Using high-quality research results to advocate for policy changes
A rigorous evaluation can help to generate buy-in and increase support for a program or policy.
Before the early 2000s, unhoused individuals in the United States typically had to meet tests of “housing readiness” before progressing from shelter to transitional housing. Several randomized evaluations of Housing First—which prioritizes the provision of permanent housing with no preconditions—found that individuals in permanent supportive housing spent about half as much time unhoused or in the hospital. These results flipped the conventional logic of homelessness services on its head and supported the adoption of a Housing First approach across the country.
By demonstrating what approaches have been successful, randomized evaluations can have an impact far beyond the original context in which they were conducted. Rigorous evidence equips implementing organizations with an understanding of which approaches have worked elsewhere and allows policymakers to expand programs with demonstrated success. In Santa Clara, California, an ongoing randomized evaluation testing the impacts of a rapid re-housing intervention for single adults experiencing homelessness will directly inform the County’s decision to scale the program. Beyond this, evaluation results will be disseminated to policymakers in other regions to inform the design and replication of future housing initiatives.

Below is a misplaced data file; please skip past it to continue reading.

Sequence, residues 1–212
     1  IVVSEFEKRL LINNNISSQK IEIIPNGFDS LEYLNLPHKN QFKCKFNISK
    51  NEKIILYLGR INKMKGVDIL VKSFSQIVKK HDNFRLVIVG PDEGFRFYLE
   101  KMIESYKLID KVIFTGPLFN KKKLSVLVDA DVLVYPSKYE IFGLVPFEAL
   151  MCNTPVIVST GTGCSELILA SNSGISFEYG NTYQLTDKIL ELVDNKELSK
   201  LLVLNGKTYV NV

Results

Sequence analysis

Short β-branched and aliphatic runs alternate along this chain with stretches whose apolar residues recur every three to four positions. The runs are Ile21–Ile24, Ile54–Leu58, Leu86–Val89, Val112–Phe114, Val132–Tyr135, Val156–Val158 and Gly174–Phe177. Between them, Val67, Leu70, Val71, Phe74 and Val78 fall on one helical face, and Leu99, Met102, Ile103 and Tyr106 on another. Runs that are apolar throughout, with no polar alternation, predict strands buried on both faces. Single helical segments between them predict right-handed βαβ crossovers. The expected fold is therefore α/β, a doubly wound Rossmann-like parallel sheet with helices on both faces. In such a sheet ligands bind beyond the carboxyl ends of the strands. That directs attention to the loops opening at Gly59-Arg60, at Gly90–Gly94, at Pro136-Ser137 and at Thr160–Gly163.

Overcoming barriers to using and generating evidence
Organizations often face a number of barriers to running randomized evaluations:
- They can demand significant staff time, which can be particularly challenging for overburdened practitioners.